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Articles by J. J McGrath
Total Records ( 2 ) for J. J McGrath
  N Matigian , G Abrahamsen , R Sutharsan , A. L Cook , A. M Vitale , A Nouwens , B Bellette , J An , M Anderson , A. G Beckhouse , M Bennebroek , R Cecil , A. M Chalk , J Cochrane , Y Fan , F Feron , R McCurdy , J. J McGrath , W Murrell , C Perry , J Raju , S Ravishankar , P. A Silburn , G. T Sutherland , S Mahler , G. D Mellick , S. A Wood , C. M Sue , C. A Wells and A. Mackay Sim
  Nicholas Matigian, Greger Abrahamsen, Ratneswary Sutharsan, Anthony L. Cook, Alejandra M. Vitale, Amanda Nouwens, Bernadette Bellette, Jiyuan An, Matthew Anderson, Anthony G. Beckhouse, Maikel Bennebroek, Rowena Cecil, Alistair M. Chalk, Julie Cochrane, Yongjun Fan, Francois Feron, Richard McCurdy, John J. McGrath, Wayne Murrell, Chris Perry, Jyothy Raju, Sugandha Ravishankar, Peter A. Silburn, Greg T. Sutherland, Stephen Mahler, George D. Mellick, Stephen A. Wood, Carolyn M. Sue, Christine A. Wells, and Alan Mackay-Sim There is a pressing need for patient-derived cell models of brain diseases that are relevant and robust enough to produce the large quantities of cells required for molecular and functional analyses. We describe here a new cell model based on patient-derived cells from the human olfactory mucosa, the organ of smell, which regenerates throughout life from neural stem cells. Olfactory mucosa biopsies were obtained from healthy controls and patients with either schizophrenia, a neurodevelopmental psychiatric disorder, or Parkinson’s disease, a neurodegenerative disease. Biopsies were dissociated and grown as neurospheres in defined medium. Neurosphere-derived cell lines were grown in serum-containing medium as adherent monolayers and stored frozen. By comparing 42 patient and control cell lines we demonstrated significant disease-specific alterations in gene expression, protein expression and cell function, including dysregulated neurodevelopmental pathways in schizophrenia and dysregulated mitochondrial function, oxidative stress and xenobiotic metabolism in Parkinson’s disease. The study has identified new candidate genes and cell pathways for future investigation. Fibroblasts from schizophrenia patients did not show these differences. Olfactory neurosphere-derived cells have many advantages over embryonic stem cells and induced pluripotent stem cells as models for brain diseases. They do not require genetic reprogramming and they can be obtained from adults with complex genetic diseases. They will be useful for understanding disease aetiology, for diagnostics and for drug discovery.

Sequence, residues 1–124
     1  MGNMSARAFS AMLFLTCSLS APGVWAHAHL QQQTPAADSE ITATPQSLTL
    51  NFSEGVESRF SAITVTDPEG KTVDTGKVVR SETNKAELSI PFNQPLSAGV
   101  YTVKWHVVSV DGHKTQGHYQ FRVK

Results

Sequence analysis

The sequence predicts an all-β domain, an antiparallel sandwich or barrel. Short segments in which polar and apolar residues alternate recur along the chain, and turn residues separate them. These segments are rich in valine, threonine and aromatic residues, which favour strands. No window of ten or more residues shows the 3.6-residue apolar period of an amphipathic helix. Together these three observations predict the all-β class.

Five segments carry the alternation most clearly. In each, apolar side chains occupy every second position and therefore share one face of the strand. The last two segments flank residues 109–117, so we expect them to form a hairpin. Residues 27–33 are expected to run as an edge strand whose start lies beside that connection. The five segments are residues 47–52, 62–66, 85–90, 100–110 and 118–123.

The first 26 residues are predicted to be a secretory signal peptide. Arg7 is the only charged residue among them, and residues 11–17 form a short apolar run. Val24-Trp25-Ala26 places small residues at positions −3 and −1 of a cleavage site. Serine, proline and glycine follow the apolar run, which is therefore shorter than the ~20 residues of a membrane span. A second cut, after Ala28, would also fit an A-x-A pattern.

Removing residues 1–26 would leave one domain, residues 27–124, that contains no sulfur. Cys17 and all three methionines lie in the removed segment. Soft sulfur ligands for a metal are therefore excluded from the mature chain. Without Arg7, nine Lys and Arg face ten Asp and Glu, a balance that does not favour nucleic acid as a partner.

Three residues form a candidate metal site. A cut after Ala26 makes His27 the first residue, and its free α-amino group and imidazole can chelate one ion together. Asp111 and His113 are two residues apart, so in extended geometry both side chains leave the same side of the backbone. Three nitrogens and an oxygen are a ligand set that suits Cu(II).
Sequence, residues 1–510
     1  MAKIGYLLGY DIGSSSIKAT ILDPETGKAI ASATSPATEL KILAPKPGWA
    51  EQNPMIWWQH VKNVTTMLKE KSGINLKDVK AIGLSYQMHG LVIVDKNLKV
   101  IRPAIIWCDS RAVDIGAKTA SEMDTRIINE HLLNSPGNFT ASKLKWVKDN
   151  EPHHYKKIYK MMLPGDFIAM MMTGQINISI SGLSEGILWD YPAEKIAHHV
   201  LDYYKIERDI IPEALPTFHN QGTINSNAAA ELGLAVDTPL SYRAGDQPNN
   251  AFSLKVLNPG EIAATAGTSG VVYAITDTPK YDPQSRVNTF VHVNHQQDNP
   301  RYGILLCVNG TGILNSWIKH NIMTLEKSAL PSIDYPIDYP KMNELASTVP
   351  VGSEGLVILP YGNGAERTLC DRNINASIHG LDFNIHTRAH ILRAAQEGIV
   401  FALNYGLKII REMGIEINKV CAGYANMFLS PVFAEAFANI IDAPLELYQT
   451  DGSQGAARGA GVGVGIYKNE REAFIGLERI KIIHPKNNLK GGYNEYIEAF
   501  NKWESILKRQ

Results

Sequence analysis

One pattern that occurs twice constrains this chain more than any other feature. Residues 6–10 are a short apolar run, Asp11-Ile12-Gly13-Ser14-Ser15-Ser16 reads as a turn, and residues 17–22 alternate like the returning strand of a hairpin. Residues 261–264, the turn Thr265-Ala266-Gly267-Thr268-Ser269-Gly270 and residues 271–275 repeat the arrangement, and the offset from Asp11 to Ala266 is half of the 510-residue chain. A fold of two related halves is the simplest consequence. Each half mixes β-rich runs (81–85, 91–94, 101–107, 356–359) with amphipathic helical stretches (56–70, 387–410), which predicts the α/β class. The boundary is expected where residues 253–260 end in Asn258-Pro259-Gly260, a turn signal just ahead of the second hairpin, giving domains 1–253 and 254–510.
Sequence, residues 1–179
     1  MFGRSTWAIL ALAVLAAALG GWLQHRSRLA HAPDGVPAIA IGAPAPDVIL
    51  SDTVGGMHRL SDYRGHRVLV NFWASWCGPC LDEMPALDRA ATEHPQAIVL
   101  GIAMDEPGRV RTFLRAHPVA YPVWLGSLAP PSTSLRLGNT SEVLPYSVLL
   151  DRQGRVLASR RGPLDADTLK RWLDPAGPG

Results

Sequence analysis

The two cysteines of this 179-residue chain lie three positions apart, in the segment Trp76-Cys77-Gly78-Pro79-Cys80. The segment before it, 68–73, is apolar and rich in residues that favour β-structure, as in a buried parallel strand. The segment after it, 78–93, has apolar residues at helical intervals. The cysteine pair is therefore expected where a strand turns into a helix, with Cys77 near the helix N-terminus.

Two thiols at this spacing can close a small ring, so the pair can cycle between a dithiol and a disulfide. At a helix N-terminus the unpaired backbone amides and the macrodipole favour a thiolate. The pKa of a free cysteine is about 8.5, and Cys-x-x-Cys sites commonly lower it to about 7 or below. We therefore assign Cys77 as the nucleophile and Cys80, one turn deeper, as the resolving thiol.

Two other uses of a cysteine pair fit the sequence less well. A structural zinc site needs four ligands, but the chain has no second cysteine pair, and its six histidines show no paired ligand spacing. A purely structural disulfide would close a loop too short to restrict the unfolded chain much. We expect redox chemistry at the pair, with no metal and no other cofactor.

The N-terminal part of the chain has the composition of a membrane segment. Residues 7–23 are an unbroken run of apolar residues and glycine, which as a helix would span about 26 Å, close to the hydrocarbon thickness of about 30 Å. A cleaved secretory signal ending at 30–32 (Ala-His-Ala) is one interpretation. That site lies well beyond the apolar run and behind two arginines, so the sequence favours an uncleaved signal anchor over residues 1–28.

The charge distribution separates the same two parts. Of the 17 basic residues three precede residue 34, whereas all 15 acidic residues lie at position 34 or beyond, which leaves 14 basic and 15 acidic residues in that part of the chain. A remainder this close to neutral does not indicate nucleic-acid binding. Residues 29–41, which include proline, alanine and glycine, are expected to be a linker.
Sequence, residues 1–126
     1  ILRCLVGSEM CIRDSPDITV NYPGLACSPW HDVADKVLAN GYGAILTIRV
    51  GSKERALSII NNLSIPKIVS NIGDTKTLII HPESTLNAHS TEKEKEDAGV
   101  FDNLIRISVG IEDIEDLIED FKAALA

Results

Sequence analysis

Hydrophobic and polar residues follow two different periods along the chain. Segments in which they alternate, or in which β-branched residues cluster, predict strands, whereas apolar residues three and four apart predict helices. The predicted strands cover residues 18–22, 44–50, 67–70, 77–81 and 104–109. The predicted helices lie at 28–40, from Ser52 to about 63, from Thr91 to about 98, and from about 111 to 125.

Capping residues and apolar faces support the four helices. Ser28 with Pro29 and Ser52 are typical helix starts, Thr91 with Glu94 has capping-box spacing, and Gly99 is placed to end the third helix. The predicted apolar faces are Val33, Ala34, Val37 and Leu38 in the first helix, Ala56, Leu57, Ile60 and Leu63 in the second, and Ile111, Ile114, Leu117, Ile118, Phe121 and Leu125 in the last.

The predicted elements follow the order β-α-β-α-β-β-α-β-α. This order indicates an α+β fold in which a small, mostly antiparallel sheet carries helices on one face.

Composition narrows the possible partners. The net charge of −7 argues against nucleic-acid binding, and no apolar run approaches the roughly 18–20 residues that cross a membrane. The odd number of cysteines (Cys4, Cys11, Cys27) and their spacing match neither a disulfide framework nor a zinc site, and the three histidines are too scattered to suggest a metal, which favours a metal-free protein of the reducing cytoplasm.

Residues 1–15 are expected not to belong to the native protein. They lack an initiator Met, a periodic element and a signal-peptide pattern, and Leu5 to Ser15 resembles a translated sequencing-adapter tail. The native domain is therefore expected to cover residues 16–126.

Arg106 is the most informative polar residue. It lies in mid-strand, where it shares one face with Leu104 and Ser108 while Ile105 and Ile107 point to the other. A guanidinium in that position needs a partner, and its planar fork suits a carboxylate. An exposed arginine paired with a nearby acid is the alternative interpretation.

J. J McGrath and L. J. Richards
 

Schizophrenia epidemiology can provide us with valuable information to guide research directions. However, while epidemiology is useful for generating candidate risk factors, it can not always deliver studies that prove causality. We argue that the field needs more translational research that links schizophrenia epidemiology with molecular, cellular, and behavioral neuroscience. Cross-disciplinary projects related to candidate genetic or nongenetic risk factors not only can address the biological plausibility of these factors, but they can serve as catalysts for discovery in neuroscience. This type of cross disciplinary research is likely to be more efficient compared to clinically dislocated basic neuroscience. Examples of this type of translational research are provided based on (a) the impact of prenatal nutrition and prenatal infection on brain development and (b) understanding the causes and consequences of agenesis of the corpus callosum. We need to build shared discovery platforms that encourage greater cross-fertilization between schizophrenia epidemiology and basic neuroscience research.

 
 
 
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